What's Fair? The Unconscious Calculus of our Moral Faculty

  1. Greg Bock Organizer and
  2. Jamie Goode
  1. Marc Hauser

Published Online: 7 OCT 2008

DOI: 10.1002/9780470030585.ch4

Empathy and Fairness: Novartis Foundation Symposium 278

Empathy and Fairness: Novartis Foundation Symposium 278

How to Cite

Hauser, M. (2006) What's Fair? The Unconscious Calculus of our Moral Faculty, in Empathy and Fairness: Novartis Foundation Symposium 278 (eds G. Bock and J. Goode), John Wiley & Sons, Ltd, Chichester, UK. doi: 10.1002/9780470030585.ch4

Author Information

  1. Department of Psychology, Organismic & Evolutionary Biology, and Biological Anthropology, 33 Kirkland Street, Harvard University, Cambridge, MA 02138, USA

Publication History

  1. Published Online: 7 OCT 2008
  2. Published Print: 31 OCT 2006

Book Series:

  1. Novartis Foundation Symposia

Book Series Editors:

  1. Novartis Foundation

ISBN Information

Print ISBN: 9780470026267

Online ISBN: 9780470030585

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Keywords:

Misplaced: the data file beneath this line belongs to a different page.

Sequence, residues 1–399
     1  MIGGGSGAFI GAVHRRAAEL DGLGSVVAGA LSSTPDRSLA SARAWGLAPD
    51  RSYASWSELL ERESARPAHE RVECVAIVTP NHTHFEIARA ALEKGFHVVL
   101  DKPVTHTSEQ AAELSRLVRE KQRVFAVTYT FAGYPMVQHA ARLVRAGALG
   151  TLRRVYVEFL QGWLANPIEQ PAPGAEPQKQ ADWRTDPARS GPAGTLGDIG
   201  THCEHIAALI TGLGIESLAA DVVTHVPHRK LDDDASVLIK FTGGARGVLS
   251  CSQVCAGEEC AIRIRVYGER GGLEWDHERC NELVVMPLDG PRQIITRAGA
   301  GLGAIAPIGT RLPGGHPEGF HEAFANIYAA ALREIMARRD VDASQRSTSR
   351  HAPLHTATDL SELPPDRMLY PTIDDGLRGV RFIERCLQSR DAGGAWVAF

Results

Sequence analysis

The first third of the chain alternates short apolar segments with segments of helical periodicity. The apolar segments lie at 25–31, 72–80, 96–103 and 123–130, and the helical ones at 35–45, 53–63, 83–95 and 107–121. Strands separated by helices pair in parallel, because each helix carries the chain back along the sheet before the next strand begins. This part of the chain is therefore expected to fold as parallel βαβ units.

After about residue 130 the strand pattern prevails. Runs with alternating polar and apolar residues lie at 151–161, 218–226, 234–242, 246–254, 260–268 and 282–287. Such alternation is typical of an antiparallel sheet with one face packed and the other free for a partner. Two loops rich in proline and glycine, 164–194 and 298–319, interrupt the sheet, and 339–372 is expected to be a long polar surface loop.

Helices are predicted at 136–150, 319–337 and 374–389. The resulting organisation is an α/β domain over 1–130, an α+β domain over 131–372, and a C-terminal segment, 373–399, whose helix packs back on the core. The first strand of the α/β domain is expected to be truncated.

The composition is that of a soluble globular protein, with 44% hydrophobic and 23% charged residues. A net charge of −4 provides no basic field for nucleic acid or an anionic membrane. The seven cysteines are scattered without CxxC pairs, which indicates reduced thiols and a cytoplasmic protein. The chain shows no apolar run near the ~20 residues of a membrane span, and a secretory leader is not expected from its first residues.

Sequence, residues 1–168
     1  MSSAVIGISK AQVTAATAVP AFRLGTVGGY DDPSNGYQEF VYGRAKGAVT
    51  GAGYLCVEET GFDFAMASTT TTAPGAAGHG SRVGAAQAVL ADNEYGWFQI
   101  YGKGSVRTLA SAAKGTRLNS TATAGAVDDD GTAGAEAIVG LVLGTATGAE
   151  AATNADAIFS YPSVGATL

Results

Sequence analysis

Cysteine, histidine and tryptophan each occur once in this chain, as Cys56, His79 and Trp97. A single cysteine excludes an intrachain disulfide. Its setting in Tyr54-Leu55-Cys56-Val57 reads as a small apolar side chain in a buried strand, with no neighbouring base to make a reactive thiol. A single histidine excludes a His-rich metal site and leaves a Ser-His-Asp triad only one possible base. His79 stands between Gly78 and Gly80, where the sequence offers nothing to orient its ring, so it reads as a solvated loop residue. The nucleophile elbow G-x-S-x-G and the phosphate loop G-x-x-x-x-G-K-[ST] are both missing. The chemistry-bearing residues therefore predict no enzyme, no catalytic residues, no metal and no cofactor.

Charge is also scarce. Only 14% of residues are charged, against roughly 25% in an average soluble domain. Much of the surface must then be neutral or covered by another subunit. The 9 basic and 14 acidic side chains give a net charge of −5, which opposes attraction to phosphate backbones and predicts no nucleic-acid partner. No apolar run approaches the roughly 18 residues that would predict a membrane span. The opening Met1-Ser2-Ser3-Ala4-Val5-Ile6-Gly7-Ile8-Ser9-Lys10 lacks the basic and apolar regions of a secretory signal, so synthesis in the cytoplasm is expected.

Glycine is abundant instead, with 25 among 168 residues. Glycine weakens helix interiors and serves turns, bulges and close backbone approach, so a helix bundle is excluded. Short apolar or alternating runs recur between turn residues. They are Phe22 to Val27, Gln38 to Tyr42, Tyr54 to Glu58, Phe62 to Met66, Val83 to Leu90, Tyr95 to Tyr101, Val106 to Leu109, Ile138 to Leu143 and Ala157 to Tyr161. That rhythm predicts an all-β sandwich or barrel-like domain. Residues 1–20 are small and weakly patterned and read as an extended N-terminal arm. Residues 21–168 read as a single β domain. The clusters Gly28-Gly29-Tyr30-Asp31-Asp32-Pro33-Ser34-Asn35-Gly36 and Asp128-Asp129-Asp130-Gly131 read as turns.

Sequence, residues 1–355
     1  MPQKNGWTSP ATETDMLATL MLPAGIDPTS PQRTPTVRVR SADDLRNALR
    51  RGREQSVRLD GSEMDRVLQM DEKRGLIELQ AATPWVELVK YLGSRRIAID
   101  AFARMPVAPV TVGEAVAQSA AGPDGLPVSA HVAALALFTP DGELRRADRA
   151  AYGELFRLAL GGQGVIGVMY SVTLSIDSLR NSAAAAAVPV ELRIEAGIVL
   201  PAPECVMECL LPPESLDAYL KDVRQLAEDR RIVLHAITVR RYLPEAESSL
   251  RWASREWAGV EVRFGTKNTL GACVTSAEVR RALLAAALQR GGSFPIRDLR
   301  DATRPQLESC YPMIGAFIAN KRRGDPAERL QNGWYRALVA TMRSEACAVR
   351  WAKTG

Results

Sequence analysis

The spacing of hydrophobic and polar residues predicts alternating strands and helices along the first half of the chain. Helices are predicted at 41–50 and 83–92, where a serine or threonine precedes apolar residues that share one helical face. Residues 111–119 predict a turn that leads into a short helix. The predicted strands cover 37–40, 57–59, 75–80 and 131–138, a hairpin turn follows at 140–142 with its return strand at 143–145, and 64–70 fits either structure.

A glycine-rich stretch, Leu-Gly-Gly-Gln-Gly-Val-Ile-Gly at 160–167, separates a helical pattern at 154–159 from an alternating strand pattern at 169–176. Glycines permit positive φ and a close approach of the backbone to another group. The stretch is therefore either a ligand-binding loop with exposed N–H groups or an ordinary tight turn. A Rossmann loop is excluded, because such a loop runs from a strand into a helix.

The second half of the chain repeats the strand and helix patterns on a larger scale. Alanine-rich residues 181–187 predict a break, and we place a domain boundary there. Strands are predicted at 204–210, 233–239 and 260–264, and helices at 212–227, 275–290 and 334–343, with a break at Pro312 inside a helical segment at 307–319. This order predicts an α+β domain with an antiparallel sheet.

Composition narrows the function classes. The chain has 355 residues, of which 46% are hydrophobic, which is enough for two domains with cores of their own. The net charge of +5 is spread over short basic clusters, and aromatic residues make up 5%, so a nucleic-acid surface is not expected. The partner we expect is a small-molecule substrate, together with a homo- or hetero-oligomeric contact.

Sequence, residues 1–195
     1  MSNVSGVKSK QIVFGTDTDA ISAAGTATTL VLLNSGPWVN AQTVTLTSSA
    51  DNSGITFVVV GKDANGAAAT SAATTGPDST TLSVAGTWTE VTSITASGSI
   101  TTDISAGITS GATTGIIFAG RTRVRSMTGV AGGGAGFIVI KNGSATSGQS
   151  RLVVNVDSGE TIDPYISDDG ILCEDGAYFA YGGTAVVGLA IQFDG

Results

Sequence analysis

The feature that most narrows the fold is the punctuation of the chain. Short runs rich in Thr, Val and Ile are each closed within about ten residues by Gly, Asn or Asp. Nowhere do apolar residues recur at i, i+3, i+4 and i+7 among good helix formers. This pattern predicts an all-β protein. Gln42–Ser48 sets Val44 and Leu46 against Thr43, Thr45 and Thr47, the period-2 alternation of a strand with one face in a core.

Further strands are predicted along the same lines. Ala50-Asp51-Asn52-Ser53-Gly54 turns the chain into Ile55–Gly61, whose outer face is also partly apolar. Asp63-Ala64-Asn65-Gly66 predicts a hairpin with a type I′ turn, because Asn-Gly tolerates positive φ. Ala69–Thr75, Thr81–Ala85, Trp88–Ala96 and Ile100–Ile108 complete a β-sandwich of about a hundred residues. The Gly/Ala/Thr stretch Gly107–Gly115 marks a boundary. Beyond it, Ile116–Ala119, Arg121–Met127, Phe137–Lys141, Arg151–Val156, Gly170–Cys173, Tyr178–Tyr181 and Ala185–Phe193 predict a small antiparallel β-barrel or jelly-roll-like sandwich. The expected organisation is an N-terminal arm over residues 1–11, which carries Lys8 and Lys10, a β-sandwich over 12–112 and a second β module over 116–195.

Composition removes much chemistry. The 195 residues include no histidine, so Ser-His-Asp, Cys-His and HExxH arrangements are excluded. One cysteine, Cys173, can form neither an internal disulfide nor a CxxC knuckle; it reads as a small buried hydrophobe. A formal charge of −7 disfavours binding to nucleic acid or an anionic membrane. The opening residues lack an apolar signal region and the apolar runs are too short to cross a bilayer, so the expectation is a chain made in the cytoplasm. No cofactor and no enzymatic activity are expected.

• studying moral competence;
  • Singer principle;
  • Kantian, Humean and Rawlsian creatures;
  • unconscious moral calculus;
  • competence–performance distinction

Summary

This essay argues that much of the research in moral psychology has focused on moral performance, on what people do. The study of moral competence, in contrast, has largely been ignored. I use the analogy to linguistics as a model for exploring our moral competence, and suggest that we are endowed with a moral faculty that operates over the causes and consequences of actions. This moral faculty is endowed with principles and parameters that are universal. Acquiring a particular moral system entails setting the parameters. On this model, emotions such as empathy are consequences (as opposed to causes) of unconscious but principled moral evaluations.